The Navarro Lab studies microbial trophic interactions in ecosystems ranging from the digestive tracts of insects to the soil rhizosphere.

The laboratory is located at Northern Arizona University and is part of the Department of Biological Sciences and the Center for Ecosystem Science and Society (Ecoss-NAU).

Our research focuses on the complexity of the host-associated and environmental microbiome, including viruses, bacteria, archaea, fungi, and protists. Our research studies the composition of microbial communities, their dynamics in a changing environment, and how microbial activity influences nutrient cycling. The complexity of such studies requires chemical analyses, traditional microbiology tools for isolating microbes, and, most importantly, molecular tools such as metabarcoding, metagenomics, and metatranscriptomics. Processing and interpreting the vast amount of data generated by this multi-faceted research requires the use of diverse bioinformatic approaches to identify the associations between environment, microbial associations, and ecosystem functioning.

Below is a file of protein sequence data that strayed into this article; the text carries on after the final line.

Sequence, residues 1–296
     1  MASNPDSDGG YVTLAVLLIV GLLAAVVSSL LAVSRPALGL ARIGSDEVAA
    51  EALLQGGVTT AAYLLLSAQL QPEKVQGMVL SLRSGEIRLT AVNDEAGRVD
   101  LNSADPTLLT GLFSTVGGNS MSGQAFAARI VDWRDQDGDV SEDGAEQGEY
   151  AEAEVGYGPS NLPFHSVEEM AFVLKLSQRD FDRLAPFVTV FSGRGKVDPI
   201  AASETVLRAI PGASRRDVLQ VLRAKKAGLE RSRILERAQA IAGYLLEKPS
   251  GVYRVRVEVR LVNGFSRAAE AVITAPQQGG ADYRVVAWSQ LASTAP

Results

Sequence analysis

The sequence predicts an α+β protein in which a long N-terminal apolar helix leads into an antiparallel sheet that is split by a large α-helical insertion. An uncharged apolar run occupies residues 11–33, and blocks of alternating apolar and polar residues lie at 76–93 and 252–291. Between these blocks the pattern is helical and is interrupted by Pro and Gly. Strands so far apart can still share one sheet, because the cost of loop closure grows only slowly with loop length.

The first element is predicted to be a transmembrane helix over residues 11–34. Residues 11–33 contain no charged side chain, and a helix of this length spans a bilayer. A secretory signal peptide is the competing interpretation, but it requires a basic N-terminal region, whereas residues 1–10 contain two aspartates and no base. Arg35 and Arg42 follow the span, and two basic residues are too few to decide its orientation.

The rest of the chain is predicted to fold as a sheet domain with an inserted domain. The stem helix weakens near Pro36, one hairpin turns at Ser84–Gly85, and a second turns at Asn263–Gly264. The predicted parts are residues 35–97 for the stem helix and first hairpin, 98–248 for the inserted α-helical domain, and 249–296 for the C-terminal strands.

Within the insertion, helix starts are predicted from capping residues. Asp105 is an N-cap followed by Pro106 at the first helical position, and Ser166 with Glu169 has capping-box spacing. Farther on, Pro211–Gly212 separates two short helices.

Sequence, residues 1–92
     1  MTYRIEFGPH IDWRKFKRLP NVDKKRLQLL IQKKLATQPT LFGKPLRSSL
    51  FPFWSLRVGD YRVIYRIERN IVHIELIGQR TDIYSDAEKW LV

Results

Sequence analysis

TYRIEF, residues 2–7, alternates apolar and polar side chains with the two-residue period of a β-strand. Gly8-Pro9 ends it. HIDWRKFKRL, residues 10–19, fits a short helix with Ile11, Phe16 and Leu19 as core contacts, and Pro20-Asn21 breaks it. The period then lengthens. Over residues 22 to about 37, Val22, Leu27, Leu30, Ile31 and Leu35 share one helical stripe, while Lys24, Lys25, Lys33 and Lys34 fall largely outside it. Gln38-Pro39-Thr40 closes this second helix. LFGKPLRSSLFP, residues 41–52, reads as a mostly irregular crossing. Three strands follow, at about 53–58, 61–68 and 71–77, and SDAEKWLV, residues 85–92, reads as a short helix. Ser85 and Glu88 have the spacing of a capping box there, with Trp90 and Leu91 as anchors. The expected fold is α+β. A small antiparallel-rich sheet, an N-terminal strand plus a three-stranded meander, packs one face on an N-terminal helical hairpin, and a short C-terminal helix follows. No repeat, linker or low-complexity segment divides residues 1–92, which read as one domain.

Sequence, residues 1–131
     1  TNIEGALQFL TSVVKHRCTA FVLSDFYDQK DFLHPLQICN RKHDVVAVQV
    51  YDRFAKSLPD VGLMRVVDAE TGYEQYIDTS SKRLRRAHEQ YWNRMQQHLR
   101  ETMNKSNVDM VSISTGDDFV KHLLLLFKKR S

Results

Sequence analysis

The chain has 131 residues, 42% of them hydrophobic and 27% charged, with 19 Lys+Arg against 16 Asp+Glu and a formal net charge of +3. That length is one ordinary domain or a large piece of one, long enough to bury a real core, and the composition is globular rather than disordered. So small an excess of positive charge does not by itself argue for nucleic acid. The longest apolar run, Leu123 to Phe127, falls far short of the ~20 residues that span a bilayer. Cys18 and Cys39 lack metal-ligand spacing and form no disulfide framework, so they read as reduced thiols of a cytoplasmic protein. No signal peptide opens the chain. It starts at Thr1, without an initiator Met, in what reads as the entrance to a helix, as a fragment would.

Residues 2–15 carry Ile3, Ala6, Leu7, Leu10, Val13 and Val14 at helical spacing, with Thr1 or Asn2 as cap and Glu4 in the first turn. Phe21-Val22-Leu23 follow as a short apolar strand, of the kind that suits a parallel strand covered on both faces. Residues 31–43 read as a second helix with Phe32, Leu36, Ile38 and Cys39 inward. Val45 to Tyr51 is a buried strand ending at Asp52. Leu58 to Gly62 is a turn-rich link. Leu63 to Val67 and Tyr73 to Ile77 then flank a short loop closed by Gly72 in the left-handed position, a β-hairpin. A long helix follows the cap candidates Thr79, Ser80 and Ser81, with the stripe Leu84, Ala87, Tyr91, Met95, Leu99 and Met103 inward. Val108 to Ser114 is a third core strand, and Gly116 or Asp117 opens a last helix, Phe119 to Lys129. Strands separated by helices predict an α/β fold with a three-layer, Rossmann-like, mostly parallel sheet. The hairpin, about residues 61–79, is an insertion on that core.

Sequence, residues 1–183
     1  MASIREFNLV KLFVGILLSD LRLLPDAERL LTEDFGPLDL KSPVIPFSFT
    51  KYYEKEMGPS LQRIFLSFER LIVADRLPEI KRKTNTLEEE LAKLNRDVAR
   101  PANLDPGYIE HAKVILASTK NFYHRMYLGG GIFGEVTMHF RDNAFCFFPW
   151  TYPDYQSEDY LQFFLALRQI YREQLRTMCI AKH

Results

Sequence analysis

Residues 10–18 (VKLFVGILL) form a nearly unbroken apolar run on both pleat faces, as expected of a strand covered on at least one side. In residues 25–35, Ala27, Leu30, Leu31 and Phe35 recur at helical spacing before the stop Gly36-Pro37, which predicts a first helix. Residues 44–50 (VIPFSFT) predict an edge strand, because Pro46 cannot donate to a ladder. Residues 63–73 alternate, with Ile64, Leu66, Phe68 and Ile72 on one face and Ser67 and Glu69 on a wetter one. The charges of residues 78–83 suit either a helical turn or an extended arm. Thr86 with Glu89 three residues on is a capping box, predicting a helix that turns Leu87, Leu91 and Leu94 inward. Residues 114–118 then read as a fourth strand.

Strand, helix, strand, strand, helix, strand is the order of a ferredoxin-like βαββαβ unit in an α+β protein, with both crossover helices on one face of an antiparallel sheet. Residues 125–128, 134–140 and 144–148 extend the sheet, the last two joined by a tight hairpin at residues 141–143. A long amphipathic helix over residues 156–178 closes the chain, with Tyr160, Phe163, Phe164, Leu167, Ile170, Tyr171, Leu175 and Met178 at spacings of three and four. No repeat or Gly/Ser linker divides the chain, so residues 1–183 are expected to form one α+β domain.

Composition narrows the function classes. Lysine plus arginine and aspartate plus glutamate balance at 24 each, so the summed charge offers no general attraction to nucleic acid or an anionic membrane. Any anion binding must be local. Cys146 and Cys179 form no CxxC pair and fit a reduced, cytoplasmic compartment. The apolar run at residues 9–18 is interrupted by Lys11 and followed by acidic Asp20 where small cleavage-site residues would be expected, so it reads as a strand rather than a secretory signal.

Our systems of study include the following:

  • The coffee berry borer and its association with a detoxifying microbiome. Here, we analyze the role of the insect’s microbiome in the degradation of toxic alkaloids such as caffeine.
  • The rhizosphere of different plants and the microbial multitrophic associations mediating nutrient cycling and C flow.
  • The effect of soil retrogression on soil microbial biodiversity (from bacteria to protists) in the Jughandle Chronosequence in Mendocino, California.
  • The passalid beetle and its compartmentalized digestive tract. In this insect, we study the microbial compartmentalization of function for lignocellulose degradation.

Besides the group’s scientific work, the team is also committed to reducing the barriers in research for underrepresented students, including people of color, women, and LGBTQ+ individuals.